Top Tweets – for the week ending May 31

The WJR (Detroit) Transmitter Building – Designed by Cyril Edward Schley

For us radio folks, transmitter buildings are religious artifacts. Here’s the WJR transmitter site in Riverview. Cyril Edward Schley designed the art deco structure in 1935. He apprenticed with theater architect, C. Howard Crane. Schley, also designed Detroit’s Rio and Telenews theaters. Originally, WJR had a diamond shaped Blaw-Knox antenna, similar to the one that still exists at Cincinnati’s WLW. When a storm blew the 733 foot structure down in 1940, it was replaced by the 700 foot tower array that stands today. You can see the original structure in this Jam Handy film, created for Chevrolet in 1937.

1 in 4 of us get up at least once a night to check our phones. Studies show that our smart devices interfere with our rest. Now Pokemon is trying to change that. You heard that right.. Pokemon. They reportedly have and iPhone app that helps you sleep. Although it’s not yet on the American Sleep Association’s list of Top 7 apps to help you sleep, as one who sat through the Detective Pikachu movie with my grandson this week, I can tell you.. It works!

And guess who’s talking about you while you sleep? The Washington Post reports that your iPhone spews 1.5 gigabits per month of personal data to companies like Microsoft, Intuit’s, Nike, Spotify, and the Weather Channel. 5,400 in one week, gobbling half of reporter Geoff Fowler’s basic wireless service plan from AT&T.

Image: Wikipedia

How many remember Gary Larson’s Far Side cartoon about the Thagomizer: the distinctive arrangement of spikes on the tails of stegosaurid dinosaurs. Turns out that those things originally had no distinct name; scientists have always been big Gary Larson fans and the term Thatomizer gradually was adopted as an informal term within scientific circles, research, & education.

Here’s a quote worth re-quoting from Sarah Silverman that I heard on a podcast last week: “If you don’t look back on your old stuff and cringe you’re not necessarily growing.”

This past week in 1969, The Beach Boys started a two week run at ?1 on the US singles chart with ‘Help Me Rhonda.’ The session was interrupted by the Wilson brothers’ father and manager, Murray, who criticizes the boys, ultimately leading to Brian firing his old man. The tape of that debacle still circulates among fans. The elder Wilson died on June 4, 1973 at the age of 55.

On May 29, 1984, Tina Turner began her comeback with the release of the ‘Private Dancer‘ album, her first in five years. In 1989, it was ranked #46 on Rolling Stone magazine’s list of The 100 Greatest Albums of the ‘80s.

Did you know that Del Shannon‘s cover of the Beatles‘ ‘From Me to You’ became the first song written by John Lennon and Paul McCartney to appear on the American record charts. Check it out on YouTube. It sounds a lot like the original.

Were you one of the thousands who bought Van Morrison’s 1971 hit Tupelo Honey? It’s more than just the name of a song. It’s the most expensive sweet thing on the market. The NYT says that Hurricanes, blights and encroaching development have cut into the harvest in Florida and Georgia, but a small cadre of beekeepers still fiercely pursues this lucrative prize.

On May 29 1886, The first advertisement for Coca-Cola, touting the drink as ‘Delicious! Refreshing! Exhilarating! Invigorating!,’ appeared in The Atlanta Journal – Constitution. You can see it on the ScottOwensShow Twitter Feed. It was just 32 words in length and promoted the fact that the soft drink contained the, “wonderful properties of the coca plant”. Now THAT’S true Coca Cola Classic!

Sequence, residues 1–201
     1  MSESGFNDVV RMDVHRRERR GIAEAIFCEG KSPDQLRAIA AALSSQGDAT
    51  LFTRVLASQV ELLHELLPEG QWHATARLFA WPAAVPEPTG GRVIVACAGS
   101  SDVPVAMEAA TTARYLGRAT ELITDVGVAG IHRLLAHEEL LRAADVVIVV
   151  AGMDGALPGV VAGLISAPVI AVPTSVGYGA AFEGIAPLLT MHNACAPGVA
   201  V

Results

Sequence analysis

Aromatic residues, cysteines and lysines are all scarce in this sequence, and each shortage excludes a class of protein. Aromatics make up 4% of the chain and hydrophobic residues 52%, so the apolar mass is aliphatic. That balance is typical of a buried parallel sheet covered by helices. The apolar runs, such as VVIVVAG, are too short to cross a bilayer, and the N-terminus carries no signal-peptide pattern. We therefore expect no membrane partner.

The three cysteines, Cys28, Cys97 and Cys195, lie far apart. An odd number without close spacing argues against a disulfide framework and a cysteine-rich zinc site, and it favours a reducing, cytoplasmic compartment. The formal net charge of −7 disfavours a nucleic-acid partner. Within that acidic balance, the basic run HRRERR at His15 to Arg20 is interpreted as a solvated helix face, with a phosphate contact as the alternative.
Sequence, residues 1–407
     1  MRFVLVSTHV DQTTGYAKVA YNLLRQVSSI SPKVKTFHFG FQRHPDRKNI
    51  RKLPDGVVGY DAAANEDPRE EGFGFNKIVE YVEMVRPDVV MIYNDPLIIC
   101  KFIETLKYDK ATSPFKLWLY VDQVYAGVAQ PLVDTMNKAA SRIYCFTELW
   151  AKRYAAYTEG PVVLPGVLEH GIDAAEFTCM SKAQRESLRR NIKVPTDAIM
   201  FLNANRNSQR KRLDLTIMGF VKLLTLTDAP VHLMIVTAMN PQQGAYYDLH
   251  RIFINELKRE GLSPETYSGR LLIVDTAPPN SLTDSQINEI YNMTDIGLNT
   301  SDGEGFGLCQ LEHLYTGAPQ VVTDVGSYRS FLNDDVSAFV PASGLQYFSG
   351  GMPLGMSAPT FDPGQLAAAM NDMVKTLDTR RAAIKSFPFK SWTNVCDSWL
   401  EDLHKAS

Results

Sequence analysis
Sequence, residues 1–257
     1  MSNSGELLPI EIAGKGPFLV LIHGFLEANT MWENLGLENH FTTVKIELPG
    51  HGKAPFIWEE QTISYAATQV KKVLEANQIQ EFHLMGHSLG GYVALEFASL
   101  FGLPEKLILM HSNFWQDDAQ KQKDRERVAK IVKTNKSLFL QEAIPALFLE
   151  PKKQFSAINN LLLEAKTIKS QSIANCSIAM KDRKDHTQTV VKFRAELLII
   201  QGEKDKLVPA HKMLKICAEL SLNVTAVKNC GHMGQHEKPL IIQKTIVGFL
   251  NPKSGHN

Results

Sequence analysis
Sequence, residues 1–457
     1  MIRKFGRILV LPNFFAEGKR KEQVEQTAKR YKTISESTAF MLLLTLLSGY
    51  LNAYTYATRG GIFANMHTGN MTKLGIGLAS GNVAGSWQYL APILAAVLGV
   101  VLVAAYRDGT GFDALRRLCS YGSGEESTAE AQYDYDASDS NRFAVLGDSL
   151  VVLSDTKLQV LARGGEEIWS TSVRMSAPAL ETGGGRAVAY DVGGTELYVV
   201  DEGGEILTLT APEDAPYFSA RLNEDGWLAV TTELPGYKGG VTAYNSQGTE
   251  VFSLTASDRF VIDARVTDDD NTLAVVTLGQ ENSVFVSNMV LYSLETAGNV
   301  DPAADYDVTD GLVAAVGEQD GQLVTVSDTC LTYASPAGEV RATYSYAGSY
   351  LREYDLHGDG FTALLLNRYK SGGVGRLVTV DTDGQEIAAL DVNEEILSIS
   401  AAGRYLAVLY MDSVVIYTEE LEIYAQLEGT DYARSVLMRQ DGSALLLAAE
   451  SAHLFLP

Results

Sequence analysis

Coming soon for Saturday cartoon fans: Warner Brothers  is releasing 200 brand new Looney Tunes cartoons in Europe produced in the classic style. I wonder if they’ll be neutered for today’s ultra sensitive audiences. There better be lots of Acme anvils dropping on coyote heads!

Paul Winchell with “Jerry Mahoney”

Dr. Henry Heimlich is credited with introducing his famous maneuver on June 1st 1974. Did you know his uncredited co-creator was the same man who first patented the first artificial heart. Children of the 60s know him as one of the great cartoon voicers, notably “Tigger” in Disney’s “Winnie the Pooh”, ventriloquist Paul Winchell.

Singer Leon Redbone passed away this week. The mysterious character revived old-school vaudeville and Tin Pan Alley-style music and was a unique presence on stage, film and television during his eclectic career. He kept his personal backstory a secret and it took Variety’s investigative reporters to learn more about the man who claimed he “died at the age of 127”.

Randolph Roberts & Gavin O’Herlihy

Happy Days super-fans know that Ritchie had and older brother. “Chuck Cunningham Syndrome” came to be associated with disappearing acts on TV. Richie’s older brother was portrayed by two actors, first by Gavin O’Herlihy and then by Randolph Roberts. Henry Winkler’s growing popularity as “Fonzie” made the Chuck character unnecessary. He simply disappeared from the story without explanation. There were many other disappearing acts on classic television shows that most of us may have forgotten. Here are 25 cast changes and the backstories behind them.

Christmas in May? Last week in 1942, Bing Crosby recorded Irving Berlin’s ‘White Christmas’ with the John Scott Trotter Orchestra and the Ken Darby Singers. It took just 18 minutes to lay down the track for Decca Records on May 29, 1942. White Christmas became the biggest-selling single of all time until Elton John surpassed it with ‘Candle In The Wind (Princess Diana Tribute)’ in 1997. The version we hear today was re-recorded in 1947 after the 1942 master was damaged. Here’s the original, taken directly from the 78.